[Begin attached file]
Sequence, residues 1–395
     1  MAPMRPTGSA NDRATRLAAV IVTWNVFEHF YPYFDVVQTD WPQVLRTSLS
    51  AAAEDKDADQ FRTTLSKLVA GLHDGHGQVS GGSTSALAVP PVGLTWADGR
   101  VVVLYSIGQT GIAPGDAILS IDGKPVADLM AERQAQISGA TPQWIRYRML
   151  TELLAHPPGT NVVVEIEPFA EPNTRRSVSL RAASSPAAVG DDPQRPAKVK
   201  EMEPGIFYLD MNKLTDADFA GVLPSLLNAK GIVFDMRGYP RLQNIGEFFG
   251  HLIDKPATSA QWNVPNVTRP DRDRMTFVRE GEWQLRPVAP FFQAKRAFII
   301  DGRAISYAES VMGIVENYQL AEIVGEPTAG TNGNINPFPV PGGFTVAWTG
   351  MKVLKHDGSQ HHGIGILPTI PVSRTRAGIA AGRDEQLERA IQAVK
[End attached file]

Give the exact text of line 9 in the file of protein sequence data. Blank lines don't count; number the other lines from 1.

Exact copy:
   351  MKVLKHDGSQ HHGIGILPTI PVSRTRAGIA AGRDEQLERA IQAVK